Sunday, March 28, 2010


Last year's reading opened with one
coincidence and closed with another.

SYMBOLIC SEAGULLS! Back in January, I was surprised by the unlikely appearance of two symbolic seagulls. I started off the year with volume one of M. T. Anderson's historical fiction, The Astonishing Life of Octavian Nothing, Traitor to the Nation, quickly followed by Gladys Reunited: A Personal American Journey, a memoir by British / Danish writer Sandi Toksvig. As I wrote a few months ago on my Fortnightly Blog of Connection and Coincidence (see "Birds of Pray"), what's the odds that that I would encounter two one-legged seagulls in two weeks, in two books so widely differing from each other?

Anderson's book is about young Octavian, brought from Africa in the 1700s, and forced to participate in an elaborate educational experiment. As a young man, he strikes out on his own, chooses "Nothing" as his surname, and makes his way through a maze of contradictory American history.

Toksvig's book describes her travels across the United States, as she engages in a marathon reunion with the girls, now women, whom she knew from her school days on the East Coast. Her narrative ranges from amusing and insightful (regarding North American social customs and popular culture) to surprisingly unkind toward her former school chums, especially those who have made life choices and followed paths different than her own (as a Lesbian and a successful writer and entertainer).
FIRE ME! The year came to a close with two fiery titles:When You Are Engulfed in Flames by David Sedaris and Mother on Fire by Sandra Tsing Loh. How often does a title feature fire? I'm not sure, but I think I may have once again beat the odds with this thematic coincidence.

Not to be repetitive, but I have already mentioned When You Are Engulfed in Flames, on this Book List (see "Catching Up On Sedaris"). However, you can never really have too much Sedaris, can you? His trip to Japan yielded many humorous examples of "weird English," such as the one which, obviously, was to become the title of his book -- "When you are engulfed in flames" -- from a brochure on hotel safety; and this mysterioius one printed on a gift bag: "Only imflowing you don't flowing imflowing." (Please to translate!) He also recounts the trials and tribulations of being not just the worst student in his Japanese language class, but "clearly the worst" (283, 309). Poor David! On the serious side, here's one of his introspective observations that really stuck with me: "sometimes the sins you haven't committed are all you have to hold on to" (233). I'm going to keep thinking about that one.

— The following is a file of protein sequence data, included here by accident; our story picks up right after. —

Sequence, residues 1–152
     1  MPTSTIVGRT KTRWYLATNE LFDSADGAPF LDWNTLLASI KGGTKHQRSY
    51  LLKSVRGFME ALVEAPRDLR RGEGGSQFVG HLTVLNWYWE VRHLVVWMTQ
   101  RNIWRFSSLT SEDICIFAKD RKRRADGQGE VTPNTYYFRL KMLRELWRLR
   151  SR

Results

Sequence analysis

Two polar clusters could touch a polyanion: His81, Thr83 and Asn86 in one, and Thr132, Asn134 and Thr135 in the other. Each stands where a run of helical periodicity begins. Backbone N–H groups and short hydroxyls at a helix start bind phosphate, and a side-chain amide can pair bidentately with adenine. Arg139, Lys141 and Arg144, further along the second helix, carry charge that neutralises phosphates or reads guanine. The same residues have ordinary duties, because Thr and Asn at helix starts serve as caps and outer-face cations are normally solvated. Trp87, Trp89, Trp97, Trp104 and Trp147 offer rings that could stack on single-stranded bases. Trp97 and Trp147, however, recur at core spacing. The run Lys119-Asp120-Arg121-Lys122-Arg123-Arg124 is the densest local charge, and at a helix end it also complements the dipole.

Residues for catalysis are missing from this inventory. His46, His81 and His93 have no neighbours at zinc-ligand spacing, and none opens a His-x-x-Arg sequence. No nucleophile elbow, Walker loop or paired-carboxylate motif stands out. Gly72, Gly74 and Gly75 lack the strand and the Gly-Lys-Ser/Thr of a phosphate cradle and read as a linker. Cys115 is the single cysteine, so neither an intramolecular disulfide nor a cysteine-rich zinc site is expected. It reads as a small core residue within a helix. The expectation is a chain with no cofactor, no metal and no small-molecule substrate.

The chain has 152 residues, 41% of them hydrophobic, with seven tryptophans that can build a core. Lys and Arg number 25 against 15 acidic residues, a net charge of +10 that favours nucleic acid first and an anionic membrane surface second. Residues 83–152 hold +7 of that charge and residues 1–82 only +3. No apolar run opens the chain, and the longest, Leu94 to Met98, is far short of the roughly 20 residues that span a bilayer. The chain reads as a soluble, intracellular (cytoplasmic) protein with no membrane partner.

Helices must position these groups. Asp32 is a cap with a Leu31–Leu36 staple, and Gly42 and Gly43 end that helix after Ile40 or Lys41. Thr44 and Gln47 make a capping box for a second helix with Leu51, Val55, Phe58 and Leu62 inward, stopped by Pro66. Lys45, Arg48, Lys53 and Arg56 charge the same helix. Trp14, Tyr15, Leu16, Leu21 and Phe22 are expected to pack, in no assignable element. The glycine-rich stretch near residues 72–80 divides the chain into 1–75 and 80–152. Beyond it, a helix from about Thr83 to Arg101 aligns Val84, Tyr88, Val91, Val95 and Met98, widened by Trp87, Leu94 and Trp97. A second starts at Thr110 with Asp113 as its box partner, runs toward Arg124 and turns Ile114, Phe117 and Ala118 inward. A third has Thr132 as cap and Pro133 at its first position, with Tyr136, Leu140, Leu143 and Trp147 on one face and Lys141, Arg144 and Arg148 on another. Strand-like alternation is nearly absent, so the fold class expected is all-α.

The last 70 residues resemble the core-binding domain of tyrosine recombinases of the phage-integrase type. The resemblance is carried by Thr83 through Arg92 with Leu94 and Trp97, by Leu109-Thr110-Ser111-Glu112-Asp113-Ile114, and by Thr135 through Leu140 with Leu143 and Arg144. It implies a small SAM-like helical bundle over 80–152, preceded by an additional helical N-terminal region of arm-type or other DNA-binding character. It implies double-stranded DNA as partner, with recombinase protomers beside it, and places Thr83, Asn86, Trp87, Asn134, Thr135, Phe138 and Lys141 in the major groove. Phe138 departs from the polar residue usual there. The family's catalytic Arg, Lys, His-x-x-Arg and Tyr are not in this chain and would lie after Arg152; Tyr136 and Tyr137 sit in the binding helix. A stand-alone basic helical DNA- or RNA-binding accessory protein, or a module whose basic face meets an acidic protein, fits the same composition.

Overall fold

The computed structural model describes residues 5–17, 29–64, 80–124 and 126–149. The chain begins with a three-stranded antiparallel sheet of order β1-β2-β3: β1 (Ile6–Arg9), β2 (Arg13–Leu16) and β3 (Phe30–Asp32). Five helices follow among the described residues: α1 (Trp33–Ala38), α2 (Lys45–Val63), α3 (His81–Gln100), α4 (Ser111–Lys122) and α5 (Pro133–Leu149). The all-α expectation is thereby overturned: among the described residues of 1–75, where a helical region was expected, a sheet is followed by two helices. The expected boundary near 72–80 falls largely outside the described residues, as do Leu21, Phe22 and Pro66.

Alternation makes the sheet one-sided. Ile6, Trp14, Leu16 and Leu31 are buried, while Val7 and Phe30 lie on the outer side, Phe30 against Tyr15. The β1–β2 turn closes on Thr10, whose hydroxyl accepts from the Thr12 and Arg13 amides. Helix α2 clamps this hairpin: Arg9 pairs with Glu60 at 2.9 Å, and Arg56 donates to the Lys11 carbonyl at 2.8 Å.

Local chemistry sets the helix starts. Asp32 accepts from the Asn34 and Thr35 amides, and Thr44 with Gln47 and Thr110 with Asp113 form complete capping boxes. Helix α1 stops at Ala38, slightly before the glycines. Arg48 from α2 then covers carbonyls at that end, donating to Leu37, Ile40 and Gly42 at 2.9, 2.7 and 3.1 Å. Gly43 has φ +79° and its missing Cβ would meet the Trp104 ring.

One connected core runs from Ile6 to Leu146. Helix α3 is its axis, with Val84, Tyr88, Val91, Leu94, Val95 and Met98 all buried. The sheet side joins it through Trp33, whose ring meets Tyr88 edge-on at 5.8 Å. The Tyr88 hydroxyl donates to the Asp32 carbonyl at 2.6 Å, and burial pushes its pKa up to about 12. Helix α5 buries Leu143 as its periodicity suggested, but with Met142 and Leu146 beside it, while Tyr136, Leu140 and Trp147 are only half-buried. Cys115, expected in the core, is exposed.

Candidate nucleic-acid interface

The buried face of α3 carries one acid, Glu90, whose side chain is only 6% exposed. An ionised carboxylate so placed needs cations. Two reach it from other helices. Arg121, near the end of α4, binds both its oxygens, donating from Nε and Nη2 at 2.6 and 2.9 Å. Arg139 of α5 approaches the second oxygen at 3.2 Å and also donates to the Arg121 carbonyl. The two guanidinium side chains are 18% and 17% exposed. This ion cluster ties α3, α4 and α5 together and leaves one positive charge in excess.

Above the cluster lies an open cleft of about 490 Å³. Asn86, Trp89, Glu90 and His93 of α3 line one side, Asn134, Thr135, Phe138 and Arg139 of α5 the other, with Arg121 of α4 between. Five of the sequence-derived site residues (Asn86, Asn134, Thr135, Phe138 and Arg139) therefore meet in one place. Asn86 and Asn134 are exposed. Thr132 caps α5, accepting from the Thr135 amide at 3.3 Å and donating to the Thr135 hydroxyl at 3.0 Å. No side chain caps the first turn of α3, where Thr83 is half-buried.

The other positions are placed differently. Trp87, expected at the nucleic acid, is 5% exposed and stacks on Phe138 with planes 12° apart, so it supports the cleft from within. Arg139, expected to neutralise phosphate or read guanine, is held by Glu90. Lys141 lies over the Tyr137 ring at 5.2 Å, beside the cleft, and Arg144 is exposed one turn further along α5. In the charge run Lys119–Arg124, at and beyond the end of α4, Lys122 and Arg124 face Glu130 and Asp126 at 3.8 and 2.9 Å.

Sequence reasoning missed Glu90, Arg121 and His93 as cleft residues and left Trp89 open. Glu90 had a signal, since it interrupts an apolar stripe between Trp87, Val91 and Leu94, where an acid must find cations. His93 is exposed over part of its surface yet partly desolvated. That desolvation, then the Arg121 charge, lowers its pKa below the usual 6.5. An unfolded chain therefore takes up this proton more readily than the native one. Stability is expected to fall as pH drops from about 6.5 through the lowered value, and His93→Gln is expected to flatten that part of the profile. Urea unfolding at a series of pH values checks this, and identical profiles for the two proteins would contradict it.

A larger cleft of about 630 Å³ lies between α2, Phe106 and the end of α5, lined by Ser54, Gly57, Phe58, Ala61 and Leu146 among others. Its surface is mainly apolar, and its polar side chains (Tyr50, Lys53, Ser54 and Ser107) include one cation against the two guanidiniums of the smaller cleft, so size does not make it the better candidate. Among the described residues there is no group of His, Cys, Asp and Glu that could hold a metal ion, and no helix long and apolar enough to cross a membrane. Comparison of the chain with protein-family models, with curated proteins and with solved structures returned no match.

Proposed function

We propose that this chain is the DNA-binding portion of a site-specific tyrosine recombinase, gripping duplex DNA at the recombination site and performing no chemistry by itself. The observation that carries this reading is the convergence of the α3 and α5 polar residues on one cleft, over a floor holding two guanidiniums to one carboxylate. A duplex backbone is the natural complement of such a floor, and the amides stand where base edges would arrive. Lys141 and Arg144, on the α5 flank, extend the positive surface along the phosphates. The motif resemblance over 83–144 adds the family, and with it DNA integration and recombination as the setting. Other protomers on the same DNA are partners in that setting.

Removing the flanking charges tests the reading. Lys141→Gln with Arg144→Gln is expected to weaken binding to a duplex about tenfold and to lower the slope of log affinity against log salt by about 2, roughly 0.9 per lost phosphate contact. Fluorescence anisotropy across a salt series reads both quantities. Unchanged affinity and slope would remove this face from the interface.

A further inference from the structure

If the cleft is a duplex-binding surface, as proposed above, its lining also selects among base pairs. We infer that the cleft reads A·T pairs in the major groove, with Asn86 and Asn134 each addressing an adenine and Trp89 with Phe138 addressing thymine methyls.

Mother on Fire: A True Motherf%#$@ Story About Parenting! is an energetic, energizing book about parenting and picking the right grade school (public vs. private) for your kids. Okay, yes, I saw the negative press about Loh and her marriage, but I'm not going to think about that. I'm going to focus instead on how much I relished her depiction of the almost perfect, all-American childhood, and the driving force behind it, i.e., a Mom on Fire! Plus, I like the way that she weaves in Pride and Prejudice, Anna Karenina, Mary Poppins, and Charlotte's Web:

"Perhaps it is the wonder of periomenopause, but my days are suddenly shot through with luminous, almost hallucinogenic magic. All at once, I see the meaning of my whole year. . . . the wildest revelation of my unmedicated, premonopausal fever-dream: I suddenly saw what had been hitherto invisible to me, an astonishingly beautiful universe, a shimmering web made of millions of gossamer threads, tended, day by day hour by hour, patiently, by the stubborn and unsung force -- of women. Everywhere around me, in the the city, the whole time, there had been Charlottes, spinning their webs" (239).

Loh's metaphor captures the beauty of webs and being connected and taking care of each other. Charlotte must be the world's favorite spider, and what's more she is also a mother and a true friend. Certainly to me she has always seemed more human than arachnid. She's on our side. She loved Wilbur, and she saved his life. She looked to the future on behalf of her children.


Illustration by Garth Williams
from Charlotte's Web